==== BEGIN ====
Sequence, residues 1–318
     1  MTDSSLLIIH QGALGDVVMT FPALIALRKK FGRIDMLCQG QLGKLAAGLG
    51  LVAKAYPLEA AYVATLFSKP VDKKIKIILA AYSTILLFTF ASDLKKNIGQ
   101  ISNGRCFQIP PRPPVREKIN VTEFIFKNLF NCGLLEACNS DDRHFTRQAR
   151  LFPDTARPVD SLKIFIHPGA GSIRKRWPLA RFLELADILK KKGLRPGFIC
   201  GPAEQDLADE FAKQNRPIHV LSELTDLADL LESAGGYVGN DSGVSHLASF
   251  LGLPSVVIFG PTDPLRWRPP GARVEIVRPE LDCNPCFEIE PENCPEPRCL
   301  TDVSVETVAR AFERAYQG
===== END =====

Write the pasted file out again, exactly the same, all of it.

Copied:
Sequence, residues 1–318
     1  MTDSSLLIIH QGALGDVVMT FPALIALRKK FGRIDMLCQG QLGKLAAGLG
    51  LVAKAYPLEA AYVATLFSKP VDKKIKIILA AYSTILLFTF ASDLKKNIGQ
   101  ISNGRCFQIP PRPPVREKIN VTEFIFKNLF NCGLLEACNS DDRHFTRQAR
   151  LFPDTARPVD SLKIFIHPGA GSIRKRWPLA RFLELADILK KKGLRPGFIC
   201  GPAEQDLADE FAKQNRPIHV LSELTDLADL LESAGGYVGN DSGVSHLASF
   251  LGLPSVVIFG PTDPLRWRPP GARVEIVRPE LDCNPCFEIE PENCPEPRCL
   301  TDVSVETVAR AFERAYQG